2021-22 NCAA Winter Postgraduate Scholarship Recipients
Phenomenal people are known to come from Gators athletics. Autumn Finke and Tori Bindi are good examples of this. The two former swimmers were both awarded $10,000 in postdoctoral fellowships from the NCAA.
The NCAA Postgraduate Scholarship Program honors 126 collegiate athletes each year. The selections go to student-athletes who stand out athletically and academically, while demonstrating active involvement in their communities. This announcement brings the number of Gators receiving NCAA Postgraduate Scholarships since 1969 to 59. The scholarships will assist Finke and Bindi in their pursuit of higher education.
For Finke, the scholarship goes to law school. She recently completed her first of three years at the University of Florida’s Levin College of Law. However, Finke did not always know that she wanted to study law. Originally, she planned to follow in her mother’s footsteps.
“My mom is actually a teacher. And growing up, I wanted to be a teacher. And then I got more interested in the laws and policies around the education system here in America. And that kind of just led me to the law.”
In 2017, Finke graduated cum laude from Florida with a bachelor’s degree in English. During her time as a Gator, Finke received many academic awards. She was named four times on the SEC Academic Honor Roll, received CSCAA Scholar All-American honors, and was named UF’s Female Scholar-Athlete of the Year at the 2015 Florida Letterman Awards (FLAs). She placed second in the 2017 SEC 1650 freestyle and qualified for that season’s NCAA championships in the 1650 and 500 freestyle.
Finke describes the work of a student-athlete as “very difficult”. She attributes her success in Florida to her family, teammates and coaches. She also believes her academic advisor Tim Aydt was a valuable member of her support group.
After graduating from college, Finke used her love of swimming to become an active member of her local community. She spent a few years setting up a youth swimming program in St. Petersburg, Florida. Finke enjoys giving back to her hometown and helps run the program in her own former club pool. Swimming is part of the Finke family as mom Jeanne swam in Ball State and sister Summer competed in Florida State. Her younger brother, Bobby, has just finished his final season with UF.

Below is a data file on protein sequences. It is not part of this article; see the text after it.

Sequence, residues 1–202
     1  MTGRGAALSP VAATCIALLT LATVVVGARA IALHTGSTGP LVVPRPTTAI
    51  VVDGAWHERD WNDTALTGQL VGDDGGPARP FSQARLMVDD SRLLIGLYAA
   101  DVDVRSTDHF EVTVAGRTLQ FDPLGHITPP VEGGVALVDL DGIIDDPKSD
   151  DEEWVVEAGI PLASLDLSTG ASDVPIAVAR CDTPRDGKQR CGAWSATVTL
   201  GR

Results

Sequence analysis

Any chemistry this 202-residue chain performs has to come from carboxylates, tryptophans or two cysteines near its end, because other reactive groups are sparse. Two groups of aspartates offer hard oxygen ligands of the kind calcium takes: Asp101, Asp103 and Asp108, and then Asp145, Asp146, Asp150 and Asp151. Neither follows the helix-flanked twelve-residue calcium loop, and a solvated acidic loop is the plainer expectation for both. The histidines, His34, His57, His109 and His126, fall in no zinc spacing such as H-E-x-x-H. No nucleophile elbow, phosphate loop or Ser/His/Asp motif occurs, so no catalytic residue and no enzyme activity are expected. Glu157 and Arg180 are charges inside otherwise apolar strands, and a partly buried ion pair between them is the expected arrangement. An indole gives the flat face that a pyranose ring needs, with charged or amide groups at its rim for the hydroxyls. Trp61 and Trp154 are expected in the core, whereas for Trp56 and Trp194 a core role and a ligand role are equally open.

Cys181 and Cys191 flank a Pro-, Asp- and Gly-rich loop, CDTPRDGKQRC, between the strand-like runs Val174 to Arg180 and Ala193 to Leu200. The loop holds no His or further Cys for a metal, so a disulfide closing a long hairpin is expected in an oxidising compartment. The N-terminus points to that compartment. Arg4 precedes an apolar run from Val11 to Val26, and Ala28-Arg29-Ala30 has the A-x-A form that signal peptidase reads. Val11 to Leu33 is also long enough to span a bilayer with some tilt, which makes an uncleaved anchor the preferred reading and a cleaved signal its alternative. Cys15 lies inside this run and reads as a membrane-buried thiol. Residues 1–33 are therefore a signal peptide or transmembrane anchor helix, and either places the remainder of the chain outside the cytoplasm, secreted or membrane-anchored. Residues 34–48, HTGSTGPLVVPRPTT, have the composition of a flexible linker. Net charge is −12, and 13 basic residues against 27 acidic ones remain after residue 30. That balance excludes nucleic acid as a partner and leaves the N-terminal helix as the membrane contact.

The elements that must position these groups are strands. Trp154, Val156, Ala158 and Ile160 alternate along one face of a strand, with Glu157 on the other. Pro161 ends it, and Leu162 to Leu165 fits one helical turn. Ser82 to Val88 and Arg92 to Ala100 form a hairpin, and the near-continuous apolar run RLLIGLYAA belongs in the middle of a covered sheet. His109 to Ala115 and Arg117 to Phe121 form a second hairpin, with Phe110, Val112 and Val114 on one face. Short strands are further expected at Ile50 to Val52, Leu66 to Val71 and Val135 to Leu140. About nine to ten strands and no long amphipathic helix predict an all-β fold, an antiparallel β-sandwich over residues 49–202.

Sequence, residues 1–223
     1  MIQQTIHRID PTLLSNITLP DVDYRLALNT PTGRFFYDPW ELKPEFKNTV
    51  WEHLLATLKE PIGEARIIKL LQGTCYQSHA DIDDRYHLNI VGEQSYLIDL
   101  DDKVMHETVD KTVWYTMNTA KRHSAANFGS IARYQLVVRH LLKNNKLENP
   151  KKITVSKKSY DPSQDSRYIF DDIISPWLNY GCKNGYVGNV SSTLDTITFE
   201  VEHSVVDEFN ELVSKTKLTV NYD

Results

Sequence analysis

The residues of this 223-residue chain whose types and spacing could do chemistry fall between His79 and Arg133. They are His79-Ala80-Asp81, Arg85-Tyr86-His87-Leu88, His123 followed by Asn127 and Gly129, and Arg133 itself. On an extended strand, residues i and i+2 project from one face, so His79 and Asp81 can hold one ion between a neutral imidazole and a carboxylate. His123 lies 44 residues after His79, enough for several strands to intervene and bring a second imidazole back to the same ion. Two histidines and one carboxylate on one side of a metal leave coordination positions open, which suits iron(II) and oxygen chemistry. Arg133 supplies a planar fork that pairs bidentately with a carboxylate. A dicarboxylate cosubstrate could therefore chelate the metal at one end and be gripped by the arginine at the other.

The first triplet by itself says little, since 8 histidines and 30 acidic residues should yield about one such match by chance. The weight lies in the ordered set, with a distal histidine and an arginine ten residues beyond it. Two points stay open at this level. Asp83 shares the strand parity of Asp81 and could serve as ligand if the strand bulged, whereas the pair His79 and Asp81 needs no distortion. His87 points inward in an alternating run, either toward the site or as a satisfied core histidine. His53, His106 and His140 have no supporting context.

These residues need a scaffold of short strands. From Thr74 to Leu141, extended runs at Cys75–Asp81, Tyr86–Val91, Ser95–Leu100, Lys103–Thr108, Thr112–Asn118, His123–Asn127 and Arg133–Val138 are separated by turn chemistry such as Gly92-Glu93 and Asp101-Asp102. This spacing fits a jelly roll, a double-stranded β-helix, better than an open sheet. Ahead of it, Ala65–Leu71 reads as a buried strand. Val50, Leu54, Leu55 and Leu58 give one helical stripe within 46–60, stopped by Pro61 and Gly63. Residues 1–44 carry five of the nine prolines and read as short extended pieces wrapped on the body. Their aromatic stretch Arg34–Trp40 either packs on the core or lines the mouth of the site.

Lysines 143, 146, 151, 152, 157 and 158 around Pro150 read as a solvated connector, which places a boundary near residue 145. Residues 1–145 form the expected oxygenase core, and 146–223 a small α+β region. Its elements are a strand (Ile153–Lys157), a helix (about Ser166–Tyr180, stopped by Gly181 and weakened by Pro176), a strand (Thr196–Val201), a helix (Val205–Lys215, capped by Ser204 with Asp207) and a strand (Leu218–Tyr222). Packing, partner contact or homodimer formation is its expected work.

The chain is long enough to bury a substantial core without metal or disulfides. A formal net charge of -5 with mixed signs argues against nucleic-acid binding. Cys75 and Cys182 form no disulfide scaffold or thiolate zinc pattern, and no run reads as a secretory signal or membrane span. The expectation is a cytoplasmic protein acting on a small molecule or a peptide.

In addition to her community work, Finke has already gained professional legal experience. She is spending this summer as a judicial intern for the Honorable Patricia D. Barksdale in the United States District Court for the Middle District of Florida. Finke continues to shine academically, professionally and within her community, showing exactly what the Gators stand for.
For Bindi, the NCAA scholarship allows her to study at UF’s College of Medicine. She will return to Gainesville to begin classes this summer. Bindi’s passion for the medical field started at a very young age and grew significantly during high school.
“Early on I identified with science and things like that. But it was through high school and being able to have relationships with doctors that started my interest in medicine as a potential career. While I was swimming things started to come to me. upstairs and you have knee problems and back problems so you can work with pediatricians and doctors. They were people that I really looked up to.”
Bindi plans to become a surgeon one day. Her interest in working in the operating room started with her internship at UF Shands Surgical Center after her sophomore year. Bindi describes the experience as “life-changing”. She now looks to the female surgeons working at UF for guidance in the field.
In 2020 Bindi graduated cum laude with her bachelor’s degree in Biochemistry. During her studies, she achieved a plethora of academic and athletic achievements. Bindi made the SEC All-Academic Honor Roll four times and was named a CSCAA Scholar All-America Second Team in 2018 and 2020. She also received the 2018 Anderson Scholar Award and received a $10,000 postdoctoral scholarship as the nominee for the 2020 SEC H. Boyd McWhorter Scholar-Athlete honor. In the pool, Bindi competed in the SEC Championships for all four years and swam the third leg of the Gators 800 free relay at the 2019 NCAA Championships.
In addition, Bindi made a name for himself as a leader on campus. She chaired the Student Athlete Advisory Committee in 2020 and appeared at the SEC Leadership Conference in 2019. In her senior year, she was selected by the UF Alumni Association for the Outstanding Leader Award 2020. Overall, Bindi was a phenomenal student, athlete, and leader throughout her undergraduate studies.
In her two years after graduating, Bindi has gained a lot of practical experience for her medical career. She worked full-time at the McKnight Brain Institute at UF under the supervision of Dr. David Fuller. While working, Bindi conducted research on cervical spinal cord injury and the effects of neural respiratory rehabilitation. She appreciates working with Dr. Fuller and the experience he taught her in his lab. In addition, Bindi was able to study treatments for Pompe disease using viral technology. Her research was even published in The Journal of Neurophysiology in the fall of 2021.
Returning to UF for medical school was an easy choice for Bindi. She believes Florida offers the unique opportunity for both academic success and a national championship experience. In addition, Bindi appreciates the teachers, professors and academic advisors she has met over the years. “I have nothing but good things to say about the support they’ve given me,” explains Bindi, “They let me do what I had to do to excel.”
Bindi proudly returns to Florida with the support system that has shaped her into the woman she is today.